Saturday, April 30, 2016

Mensahi Ginen i Gehilo' #14: A Very American Idea

"Independence: A Very American Idea"
by Michael Lujan Bevacqua
Co-Chair, Independence for Guam Task Force
April 12, 2016
Recent weeks have been brimming with discussion of decolonization, self-determination and political status change for Guam. Governor Calvo spent a large part of his recent State of the Island Address talking about Guam’s political status and laid out a bold plan to hold a political status vote by the end of the year. Calvo’s proposal created a stir in the community, especially among those who have been fighting for self-determination for decades, as it seemed to open the right to vote in a self-determination plebiscite to all registered voters and not just those who are considered to be “native inhabitants.”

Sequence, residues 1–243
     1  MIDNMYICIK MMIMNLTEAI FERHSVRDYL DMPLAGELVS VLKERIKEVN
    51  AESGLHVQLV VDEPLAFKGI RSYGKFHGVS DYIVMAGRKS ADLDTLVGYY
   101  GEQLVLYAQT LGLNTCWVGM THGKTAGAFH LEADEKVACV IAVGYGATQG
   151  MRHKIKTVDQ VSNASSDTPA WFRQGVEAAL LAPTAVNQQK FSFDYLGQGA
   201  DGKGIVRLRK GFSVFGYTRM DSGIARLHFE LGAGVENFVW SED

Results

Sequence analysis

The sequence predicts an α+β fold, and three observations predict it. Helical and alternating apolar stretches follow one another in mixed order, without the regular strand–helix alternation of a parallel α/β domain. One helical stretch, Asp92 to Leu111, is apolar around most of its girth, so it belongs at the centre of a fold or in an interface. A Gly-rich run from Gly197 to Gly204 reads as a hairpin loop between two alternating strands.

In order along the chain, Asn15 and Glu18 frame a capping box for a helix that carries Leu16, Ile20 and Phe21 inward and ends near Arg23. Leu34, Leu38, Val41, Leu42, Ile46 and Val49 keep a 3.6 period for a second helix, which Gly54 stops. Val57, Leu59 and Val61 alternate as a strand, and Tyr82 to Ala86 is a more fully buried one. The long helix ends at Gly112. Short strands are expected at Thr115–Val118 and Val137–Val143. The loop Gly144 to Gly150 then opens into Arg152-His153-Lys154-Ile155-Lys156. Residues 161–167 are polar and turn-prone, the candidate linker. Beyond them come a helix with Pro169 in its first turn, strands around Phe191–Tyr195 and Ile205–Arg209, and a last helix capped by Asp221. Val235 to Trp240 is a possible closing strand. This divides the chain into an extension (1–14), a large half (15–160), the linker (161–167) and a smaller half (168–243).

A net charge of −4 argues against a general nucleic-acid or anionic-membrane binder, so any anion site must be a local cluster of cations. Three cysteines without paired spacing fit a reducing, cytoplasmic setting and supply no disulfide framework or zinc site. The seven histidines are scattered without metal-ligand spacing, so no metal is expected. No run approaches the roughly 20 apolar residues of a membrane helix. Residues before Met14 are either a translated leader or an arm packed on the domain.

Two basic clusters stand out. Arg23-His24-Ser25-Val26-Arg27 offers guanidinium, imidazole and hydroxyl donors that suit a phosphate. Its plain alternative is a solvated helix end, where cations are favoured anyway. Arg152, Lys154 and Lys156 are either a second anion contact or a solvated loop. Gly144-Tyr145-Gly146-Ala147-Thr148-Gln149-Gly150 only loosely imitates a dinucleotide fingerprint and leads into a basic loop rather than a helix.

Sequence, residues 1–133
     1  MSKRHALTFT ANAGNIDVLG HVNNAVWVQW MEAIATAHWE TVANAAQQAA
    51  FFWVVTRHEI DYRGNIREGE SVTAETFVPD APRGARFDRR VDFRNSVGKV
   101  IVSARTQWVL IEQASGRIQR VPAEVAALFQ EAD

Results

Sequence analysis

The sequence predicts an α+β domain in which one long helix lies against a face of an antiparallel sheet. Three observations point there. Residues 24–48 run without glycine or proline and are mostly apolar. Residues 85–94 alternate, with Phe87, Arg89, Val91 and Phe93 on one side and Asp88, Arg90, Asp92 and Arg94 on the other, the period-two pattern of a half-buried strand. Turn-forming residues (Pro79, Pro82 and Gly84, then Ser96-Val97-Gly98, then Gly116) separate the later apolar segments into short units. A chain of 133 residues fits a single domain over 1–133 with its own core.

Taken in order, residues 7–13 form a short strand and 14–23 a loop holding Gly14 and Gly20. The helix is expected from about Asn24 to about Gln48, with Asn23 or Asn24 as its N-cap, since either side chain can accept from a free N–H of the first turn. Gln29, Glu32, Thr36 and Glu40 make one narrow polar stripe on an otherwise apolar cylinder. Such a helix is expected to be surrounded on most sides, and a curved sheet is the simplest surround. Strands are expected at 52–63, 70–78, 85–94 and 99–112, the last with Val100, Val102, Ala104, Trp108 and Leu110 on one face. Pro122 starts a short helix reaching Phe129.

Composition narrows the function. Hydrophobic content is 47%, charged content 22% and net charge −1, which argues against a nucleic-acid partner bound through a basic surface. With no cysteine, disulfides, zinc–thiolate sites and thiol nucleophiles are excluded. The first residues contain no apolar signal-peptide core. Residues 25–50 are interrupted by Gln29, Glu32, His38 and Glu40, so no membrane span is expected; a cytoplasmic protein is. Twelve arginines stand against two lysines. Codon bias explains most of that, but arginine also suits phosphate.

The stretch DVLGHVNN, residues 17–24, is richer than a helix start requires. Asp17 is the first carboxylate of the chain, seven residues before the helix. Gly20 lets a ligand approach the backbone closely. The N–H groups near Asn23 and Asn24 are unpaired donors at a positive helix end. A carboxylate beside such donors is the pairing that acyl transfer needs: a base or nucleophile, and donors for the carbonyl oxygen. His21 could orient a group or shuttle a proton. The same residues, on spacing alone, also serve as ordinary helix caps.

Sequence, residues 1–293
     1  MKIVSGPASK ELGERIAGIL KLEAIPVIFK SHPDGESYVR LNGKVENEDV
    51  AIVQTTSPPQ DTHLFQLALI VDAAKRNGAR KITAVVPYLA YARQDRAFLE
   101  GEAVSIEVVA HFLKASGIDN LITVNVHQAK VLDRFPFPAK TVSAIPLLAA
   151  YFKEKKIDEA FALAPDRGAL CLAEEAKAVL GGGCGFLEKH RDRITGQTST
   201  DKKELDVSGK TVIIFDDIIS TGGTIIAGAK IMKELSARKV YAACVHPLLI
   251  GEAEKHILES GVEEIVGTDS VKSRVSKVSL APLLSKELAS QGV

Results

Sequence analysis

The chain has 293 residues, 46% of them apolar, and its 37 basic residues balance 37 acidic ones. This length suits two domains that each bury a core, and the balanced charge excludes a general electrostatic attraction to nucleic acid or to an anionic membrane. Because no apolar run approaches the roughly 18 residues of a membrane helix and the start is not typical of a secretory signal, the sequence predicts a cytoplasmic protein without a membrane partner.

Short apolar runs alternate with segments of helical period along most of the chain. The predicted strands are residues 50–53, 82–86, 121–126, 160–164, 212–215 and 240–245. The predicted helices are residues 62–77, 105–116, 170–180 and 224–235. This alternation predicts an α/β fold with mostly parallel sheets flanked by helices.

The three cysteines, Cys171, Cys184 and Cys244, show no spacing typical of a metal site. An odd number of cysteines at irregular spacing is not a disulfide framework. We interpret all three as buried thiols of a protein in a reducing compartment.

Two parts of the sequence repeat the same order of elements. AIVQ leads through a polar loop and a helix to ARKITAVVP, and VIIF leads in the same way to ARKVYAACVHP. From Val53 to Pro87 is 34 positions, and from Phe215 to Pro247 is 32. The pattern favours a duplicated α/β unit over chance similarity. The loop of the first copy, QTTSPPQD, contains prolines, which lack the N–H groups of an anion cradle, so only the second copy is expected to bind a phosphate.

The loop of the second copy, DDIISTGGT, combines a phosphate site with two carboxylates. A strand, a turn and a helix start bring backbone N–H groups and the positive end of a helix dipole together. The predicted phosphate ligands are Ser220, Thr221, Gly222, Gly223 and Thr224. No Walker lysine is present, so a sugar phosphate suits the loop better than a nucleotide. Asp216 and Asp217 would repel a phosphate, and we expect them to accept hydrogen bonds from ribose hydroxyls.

Last week Calvo presented his plans to the Commission on Decolonization, of which I am a member, representing the Independence for Guam Task Force. We had some very spirited discussion on the Governor’s plans, sharing our concerns, but also expressing our appreciation for his new aggressive pushing of the issue. At present, the Governor has agreed to forgo using the referendum process to hold a plebiscite, and instead work with the Commission on Decolonization, to focus on public education and resolving legal impediments that currently complicate this process. As someone who has committed much of my life to seeing Guam decolonized, this is incredibly exciting.